Sensitive to Sunscreen? Let Me Help You With That.
If you are (un)lucky enough to follow my Facebook page, you probably noticed me
bitching about discussing my never-ending search for a safe, non-chemical sunscreen that doesn’t melt my family’s faces off.
Sunscreen is a huge issue during the warmer months, given a hefty dose of Irish running through 3/4ths of us. A few weeks ago, I had my third basal cell carcinoma removed from my body, so it’s important that I protect as much of my skin from the sun as possible. You know, besides cloaking myself in a full-body muumuu. (Is that how you spell “muumuu?” Quick aside…writing the word “muumuu” triggered this mental cascade: Muumuu -> Hawaii -> The incredibly hot Hawaiian actor who played Khal Drogo on the Game of Thrones. I love him and his scary eye makeup and the ponytail thingy and his beard. The end.)
p.s. – I just recently started watching Game of Thrones, and seriously, what is up with the gruesome violence? How do you people watch that without wincing/dry heaving/sobbing? I think I witnessed 1,267 beheadings in the first 10 minutes of the the first episode. Oh, I know, I know, THE WRITING IS SOOO GOOD.
p.p.s. – Please, no spoilers. I’m only on Season 2.
p.p.p.s. – Wait. Was this post about sunscreen?
Sunscreen. Here’s the gist. I can’t wear chemical sunscreens – they absolutely torch my skin. Some common chemical sunscreens are Avobenzone, Homosalate, Octisalate, Octocrylene, and Oxybenzone. Look at the sunscreens lying around your house; chances are they contain one or all of the above.
Let me take a step back and explain the difference between chemical and physical sunscreens. Chemical sunscreens contain special ingredients that act as filters and reduce ultraviolet radiation penetration to the skin. These sunscreens often are colorless and maintain a thin visible film on the skin, but can also penetrate. These sunscreens usually contain UVB absorbing chemicals and more recently contain UVA absorbers as well.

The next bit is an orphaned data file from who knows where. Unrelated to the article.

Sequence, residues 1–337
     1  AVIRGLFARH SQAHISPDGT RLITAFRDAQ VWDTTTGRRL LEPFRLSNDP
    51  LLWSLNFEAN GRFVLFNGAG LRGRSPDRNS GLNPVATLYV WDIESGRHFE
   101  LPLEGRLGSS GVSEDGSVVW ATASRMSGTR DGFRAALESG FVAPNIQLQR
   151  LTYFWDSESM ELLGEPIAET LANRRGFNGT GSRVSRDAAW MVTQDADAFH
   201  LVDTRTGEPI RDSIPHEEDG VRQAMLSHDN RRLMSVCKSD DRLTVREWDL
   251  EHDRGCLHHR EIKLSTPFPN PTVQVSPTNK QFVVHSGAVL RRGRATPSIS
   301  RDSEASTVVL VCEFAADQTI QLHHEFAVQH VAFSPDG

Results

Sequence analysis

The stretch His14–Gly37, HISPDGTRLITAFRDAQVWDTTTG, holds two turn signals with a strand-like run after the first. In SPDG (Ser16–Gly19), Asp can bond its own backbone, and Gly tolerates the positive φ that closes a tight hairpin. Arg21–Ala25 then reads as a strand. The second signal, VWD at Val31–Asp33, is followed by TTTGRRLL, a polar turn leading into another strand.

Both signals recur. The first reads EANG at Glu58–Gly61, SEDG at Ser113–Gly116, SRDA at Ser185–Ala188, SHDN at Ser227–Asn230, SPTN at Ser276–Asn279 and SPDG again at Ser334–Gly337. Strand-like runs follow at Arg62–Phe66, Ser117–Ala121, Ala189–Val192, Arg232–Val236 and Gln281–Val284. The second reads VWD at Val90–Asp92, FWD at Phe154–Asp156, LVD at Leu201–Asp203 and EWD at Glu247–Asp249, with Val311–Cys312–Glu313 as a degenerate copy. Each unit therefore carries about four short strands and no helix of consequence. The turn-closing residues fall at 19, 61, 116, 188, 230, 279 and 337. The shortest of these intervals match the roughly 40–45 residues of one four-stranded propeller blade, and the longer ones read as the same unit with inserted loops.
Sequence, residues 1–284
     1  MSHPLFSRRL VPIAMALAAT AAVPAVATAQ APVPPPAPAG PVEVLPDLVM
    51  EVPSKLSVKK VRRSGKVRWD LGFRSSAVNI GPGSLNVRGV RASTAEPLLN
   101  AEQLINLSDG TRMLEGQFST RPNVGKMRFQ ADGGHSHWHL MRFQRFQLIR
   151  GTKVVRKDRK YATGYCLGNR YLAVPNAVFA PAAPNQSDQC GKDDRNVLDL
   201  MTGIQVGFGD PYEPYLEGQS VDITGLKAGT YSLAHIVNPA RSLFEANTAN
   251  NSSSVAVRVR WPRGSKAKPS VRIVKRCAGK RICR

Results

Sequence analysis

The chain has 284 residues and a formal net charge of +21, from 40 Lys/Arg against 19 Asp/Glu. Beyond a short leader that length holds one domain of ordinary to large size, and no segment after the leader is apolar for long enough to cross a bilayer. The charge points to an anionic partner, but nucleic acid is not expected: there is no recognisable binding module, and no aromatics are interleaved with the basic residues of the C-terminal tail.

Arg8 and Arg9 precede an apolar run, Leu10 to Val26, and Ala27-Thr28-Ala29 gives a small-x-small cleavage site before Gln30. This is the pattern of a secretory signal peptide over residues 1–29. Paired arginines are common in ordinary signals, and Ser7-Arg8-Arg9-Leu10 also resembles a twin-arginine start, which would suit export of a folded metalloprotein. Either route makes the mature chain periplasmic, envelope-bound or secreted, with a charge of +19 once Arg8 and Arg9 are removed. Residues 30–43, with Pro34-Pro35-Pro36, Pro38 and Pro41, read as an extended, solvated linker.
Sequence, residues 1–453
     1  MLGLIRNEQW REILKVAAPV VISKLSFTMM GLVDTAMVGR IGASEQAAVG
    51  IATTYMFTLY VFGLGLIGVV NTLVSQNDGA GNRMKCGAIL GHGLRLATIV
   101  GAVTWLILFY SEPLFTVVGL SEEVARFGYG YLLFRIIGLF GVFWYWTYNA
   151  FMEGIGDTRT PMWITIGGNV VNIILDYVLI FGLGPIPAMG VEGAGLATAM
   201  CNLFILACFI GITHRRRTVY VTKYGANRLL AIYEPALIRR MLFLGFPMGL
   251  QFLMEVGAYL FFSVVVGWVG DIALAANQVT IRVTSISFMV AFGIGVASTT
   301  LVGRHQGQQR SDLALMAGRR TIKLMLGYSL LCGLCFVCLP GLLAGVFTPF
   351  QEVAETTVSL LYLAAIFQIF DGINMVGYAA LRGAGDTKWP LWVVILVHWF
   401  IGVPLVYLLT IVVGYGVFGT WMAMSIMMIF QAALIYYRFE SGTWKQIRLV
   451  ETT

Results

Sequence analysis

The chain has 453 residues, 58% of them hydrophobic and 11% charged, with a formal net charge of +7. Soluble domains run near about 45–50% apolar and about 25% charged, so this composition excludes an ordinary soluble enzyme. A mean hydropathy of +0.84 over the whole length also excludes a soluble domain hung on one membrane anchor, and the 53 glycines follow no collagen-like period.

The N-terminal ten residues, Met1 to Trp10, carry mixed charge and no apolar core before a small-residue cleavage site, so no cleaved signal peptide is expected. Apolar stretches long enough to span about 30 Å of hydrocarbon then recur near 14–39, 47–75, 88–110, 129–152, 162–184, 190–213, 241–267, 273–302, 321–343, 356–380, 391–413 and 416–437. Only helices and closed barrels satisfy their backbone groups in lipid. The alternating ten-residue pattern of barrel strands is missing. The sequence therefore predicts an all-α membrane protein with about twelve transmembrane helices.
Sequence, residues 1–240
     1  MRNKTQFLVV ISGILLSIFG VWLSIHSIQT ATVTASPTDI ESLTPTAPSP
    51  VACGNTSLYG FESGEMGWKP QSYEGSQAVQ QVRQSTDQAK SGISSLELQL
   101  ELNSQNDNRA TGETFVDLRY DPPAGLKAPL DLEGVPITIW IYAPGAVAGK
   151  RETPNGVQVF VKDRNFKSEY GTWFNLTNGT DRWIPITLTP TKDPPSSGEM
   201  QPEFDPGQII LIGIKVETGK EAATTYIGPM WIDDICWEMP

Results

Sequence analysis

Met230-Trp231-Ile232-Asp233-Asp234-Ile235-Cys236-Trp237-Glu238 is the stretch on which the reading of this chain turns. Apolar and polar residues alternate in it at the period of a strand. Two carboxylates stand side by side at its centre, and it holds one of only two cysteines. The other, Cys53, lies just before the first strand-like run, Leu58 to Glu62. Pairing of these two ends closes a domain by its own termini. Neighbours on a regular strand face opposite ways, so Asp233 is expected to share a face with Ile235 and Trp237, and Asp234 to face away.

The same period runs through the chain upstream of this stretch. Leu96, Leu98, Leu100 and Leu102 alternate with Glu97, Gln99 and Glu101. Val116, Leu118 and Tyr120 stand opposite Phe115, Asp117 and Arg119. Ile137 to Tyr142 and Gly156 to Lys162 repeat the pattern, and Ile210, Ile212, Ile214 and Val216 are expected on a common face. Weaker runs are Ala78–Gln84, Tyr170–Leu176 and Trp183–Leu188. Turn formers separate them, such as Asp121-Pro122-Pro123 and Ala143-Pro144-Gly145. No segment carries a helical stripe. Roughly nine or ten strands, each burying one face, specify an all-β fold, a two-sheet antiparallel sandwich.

Physical Sunscreens, most often referred to as sunblocks, are products containing ingredients such a Titanium Dioxide and Zinc Oxide which physically block ultraviolet radiation (UVR). Sunblocks provide broad protection against both UVB and UVA light, and they don’t readily absorb into the skin like their chemical counterparts. They can be thicker to apply, but it is an easy trade-off for my family, personally.
A few weeks ago, I was
forced asked to send my kids to camp with a spray sunscreen. (Please, if you are using aerosol spray sunscreens, stop right now. They are horrible for many reasons.) Being the rule follower I am, I obeyed and began an extremely robust search for a spray sunscreen that was relatively less harmful for my kiddos. I chose a spray due to its decent rating on the EWG’s Sunscreen Report, and, well, sprayed and prayed, basically.
This was the result.
This was Day 3 of The Great Spray Sunscreen Rash of 2015, and it stuck around for almost a week, despite a strong prescription antihistamine. Poor guy, right? His eyes were practically swollen shut on a few of those days.
Turns out the spray had a few chemical sunscreens in it, and my son’s face did not approve of that juncture. At all.
Back to the drawing board. Knowing that my skin has always responded well to Zinc Oxide and Titanium Dioxide (physical sunblocks), I cut out any option that included chemical sunscreens.
I think this is a good time to point out that chemical sunscreens work well for many people. If you wear a chemical sunscreen and it doesn’t produce an allergic reaction, by all means, continue to wear it. There are reports that chemical sunscreens can cause harm, but I’ll let you make that decision. However, this post is really meant for those of us who can’t tolerate the chemicals on our skin.
I have used a few physical blocks in the past with decent success, but have found the holy grail and wanted to tell you all about it. Countersun Mineral Sunscreen Lotion SPF 30. It is fantastic – the active ingredient is 19% Zinc Oxide, and the lightweight, water-resistant formula blends into skin without leaving white streaks or a weird smell. I also love the Mineral Sunscreen Stick (for the face!) AND the Mineral Sunscreen Mist, as it’s not an aerosol spray – it’s air-powered. #fistbump
Additionally, I used to wonder if SPF 30 was enough for my children, but now that it’s been proven that super high SPFs are a marketing ploy, I feel extremely comfortable using SPF 30 on my entire family’s skin.
Love these sunscreens from Beautycounter, and while we’re talking Beautycounter, here’s my a no-fail, daily Beautycounter face.
So, there you go. A sunscreen post that morphed into an everyday look tutorial with a side of Game of Thrones. Multi-tasking FTW.
Your Faithful (and Sun-Protected!) Beauty Enabler